The idea of finding treasure in the attic is so potent that even people without attics fantasise about it. Waters and his colleagues have been living out a kind of auction-house dream. They have uncovered everything the inventive aristocrat required for a well-rounded existence, from horse-drawn carriages and coachmen’s livery to several centuries of textiles, fine furniture, old cricket bats, ice skates, snuffboxes and beechwood shovels.
Such a haphazard agglomeration of the grand, the practical, the ostentatious and the frankly superfluous is rare. A set of four Irish glass table display centrepieces (£15,000-£25,000) commissioned by the Fifth Earl Spencer when he was Viceroy of Ireland; 17th-century Japanese mother-of-pearl inlaid Imari vases (£50,000-£80,000); a tortoiseshell dog collar with gold inlay (£500-£700); a snakeskin box of George III drafting tools (£500-£700); a George III silver-gilt child’s rattle and coral teether, circa 1800, with eight bells and a whistle (£400-£500) – a bit chewed, obviously, but still in its velvet-lined Bond Street box. Would upper-class family life have been supportable without them?
The 750 lots will consist of up to 5,000 individual items. Key works of art and furniture are from the family’s former London home, Spencer House, but some 500 lots are from the attics, stables and cellars at Althorp. Waters and his colleague, Jeffrey Lassaline, senior specialist in the silver department, are like boys in a sweetshop. They eye up the silver strongroom in Christie’s basement where hundreds of items are waiting to be cleaned, researched and catalogued. Nothing like this diversity, they say, would appear in regular sales.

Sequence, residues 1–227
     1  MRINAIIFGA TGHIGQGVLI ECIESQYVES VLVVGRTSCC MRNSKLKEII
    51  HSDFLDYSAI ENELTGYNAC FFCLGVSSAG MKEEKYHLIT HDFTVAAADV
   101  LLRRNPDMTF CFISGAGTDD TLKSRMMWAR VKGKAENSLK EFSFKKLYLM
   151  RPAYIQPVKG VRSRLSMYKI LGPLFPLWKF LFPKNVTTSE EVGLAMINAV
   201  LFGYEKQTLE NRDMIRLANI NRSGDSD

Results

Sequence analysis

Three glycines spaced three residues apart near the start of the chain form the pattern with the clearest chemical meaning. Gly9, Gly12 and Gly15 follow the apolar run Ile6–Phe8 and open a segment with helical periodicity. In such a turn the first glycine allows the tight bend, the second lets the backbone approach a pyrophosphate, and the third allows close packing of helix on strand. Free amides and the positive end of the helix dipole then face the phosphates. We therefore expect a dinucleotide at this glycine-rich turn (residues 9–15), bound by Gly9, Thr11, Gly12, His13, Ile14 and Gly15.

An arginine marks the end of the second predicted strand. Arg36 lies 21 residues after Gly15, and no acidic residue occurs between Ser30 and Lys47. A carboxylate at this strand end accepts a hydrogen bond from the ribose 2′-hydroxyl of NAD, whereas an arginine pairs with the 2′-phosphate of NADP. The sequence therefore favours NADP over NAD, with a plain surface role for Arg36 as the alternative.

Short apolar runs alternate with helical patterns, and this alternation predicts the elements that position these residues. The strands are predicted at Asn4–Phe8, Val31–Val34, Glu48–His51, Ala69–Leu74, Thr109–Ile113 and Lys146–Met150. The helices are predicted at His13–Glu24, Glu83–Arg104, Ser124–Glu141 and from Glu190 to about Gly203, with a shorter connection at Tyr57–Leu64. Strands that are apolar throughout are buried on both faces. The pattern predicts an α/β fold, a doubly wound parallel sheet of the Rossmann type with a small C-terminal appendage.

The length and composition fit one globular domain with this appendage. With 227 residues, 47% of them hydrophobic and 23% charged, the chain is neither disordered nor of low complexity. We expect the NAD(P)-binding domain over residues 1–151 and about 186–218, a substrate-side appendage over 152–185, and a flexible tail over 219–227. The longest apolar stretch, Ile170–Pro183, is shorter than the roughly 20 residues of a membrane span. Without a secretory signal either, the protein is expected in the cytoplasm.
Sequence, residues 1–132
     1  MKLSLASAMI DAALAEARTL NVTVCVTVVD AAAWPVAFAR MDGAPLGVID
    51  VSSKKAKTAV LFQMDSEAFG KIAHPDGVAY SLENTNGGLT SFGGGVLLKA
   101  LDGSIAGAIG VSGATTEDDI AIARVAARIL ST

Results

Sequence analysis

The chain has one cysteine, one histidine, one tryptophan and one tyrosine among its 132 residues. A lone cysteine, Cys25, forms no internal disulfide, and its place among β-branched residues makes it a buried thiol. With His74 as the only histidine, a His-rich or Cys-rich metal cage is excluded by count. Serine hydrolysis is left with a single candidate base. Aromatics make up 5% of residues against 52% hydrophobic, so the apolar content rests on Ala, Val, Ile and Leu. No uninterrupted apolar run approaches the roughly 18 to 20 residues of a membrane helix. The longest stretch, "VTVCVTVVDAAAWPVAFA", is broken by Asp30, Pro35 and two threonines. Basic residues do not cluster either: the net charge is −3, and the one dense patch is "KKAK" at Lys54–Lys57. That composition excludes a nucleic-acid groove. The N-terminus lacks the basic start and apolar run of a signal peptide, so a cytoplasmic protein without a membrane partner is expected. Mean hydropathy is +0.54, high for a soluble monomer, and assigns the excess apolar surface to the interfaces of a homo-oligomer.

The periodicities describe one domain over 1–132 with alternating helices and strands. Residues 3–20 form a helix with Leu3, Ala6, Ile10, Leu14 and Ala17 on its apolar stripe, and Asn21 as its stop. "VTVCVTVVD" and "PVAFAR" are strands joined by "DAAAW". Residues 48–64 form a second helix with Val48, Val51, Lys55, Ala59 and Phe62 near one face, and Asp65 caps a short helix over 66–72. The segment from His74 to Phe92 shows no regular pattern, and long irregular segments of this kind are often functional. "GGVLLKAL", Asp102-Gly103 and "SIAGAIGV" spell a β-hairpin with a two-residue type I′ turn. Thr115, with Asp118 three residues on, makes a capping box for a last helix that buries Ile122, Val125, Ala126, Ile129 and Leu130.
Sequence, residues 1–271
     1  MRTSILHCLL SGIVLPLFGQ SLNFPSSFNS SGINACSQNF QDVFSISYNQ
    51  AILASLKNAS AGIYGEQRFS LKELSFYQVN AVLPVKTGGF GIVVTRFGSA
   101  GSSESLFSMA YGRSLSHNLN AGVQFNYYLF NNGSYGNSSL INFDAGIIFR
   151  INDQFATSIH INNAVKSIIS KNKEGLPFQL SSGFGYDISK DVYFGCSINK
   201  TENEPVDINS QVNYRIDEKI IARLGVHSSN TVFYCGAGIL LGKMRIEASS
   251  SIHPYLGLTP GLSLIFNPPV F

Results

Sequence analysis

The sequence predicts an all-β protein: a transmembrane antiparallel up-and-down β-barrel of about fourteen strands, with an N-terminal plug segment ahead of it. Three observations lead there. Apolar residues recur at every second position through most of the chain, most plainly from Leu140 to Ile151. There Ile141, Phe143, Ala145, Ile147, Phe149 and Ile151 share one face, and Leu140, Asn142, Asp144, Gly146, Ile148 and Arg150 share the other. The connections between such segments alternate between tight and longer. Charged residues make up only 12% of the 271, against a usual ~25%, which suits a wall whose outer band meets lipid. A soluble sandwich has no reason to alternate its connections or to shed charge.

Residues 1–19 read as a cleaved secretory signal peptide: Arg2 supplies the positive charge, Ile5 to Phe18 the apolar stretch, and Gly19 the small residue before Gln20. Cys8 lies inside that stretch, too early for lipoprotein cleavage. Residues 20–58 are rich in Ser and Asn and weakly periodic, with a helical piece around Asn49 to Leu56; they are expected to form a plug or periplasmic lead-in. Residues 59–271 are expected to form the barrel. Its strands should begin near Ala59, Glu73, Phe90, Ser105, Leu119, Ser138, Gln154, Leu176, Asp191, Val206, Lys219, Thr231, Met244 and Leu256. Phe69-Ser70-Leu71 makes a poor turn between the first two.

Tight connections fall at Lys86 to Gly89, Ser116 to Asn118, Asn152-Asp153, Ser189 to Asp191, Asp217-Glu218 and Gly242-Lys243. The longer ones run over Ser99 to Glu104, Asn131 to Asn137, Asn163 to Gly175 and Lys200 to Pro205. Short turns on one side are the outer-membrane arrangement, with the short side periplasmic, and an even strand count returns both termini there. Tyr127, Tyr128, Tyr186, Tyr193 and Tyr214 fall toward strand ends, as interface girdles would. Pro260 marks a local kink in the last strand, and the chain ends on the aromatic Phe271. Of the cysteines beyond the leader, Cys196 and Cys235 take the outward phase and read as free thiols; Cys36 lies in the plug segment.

Lassaline caresses a George II silver spoon engraved “kitchen”. It was made in 1755, so he surmises that it was part of a service made to mark the marriage of the First Earl. The Spencer family crest is somewhat worn and the spoon’s lopsided bowl testifies to centuries of stirring the pot. This is thrilling to a collector, he says, because it will always retain its provenance, and provenance adds cachet.
Waters produces a piece of old wood that you might find in a skip. “This doesn’t look particularly exciting,” he says, “but the label says this is the only piece of wood saved from the stables at Spencer House during the German bombardment of May 1941. Interestingly, a bomb also hit Christie’s in 1941 and for a time Spencer House was a temporary home for Christie’s, so that’s a nice synergy.”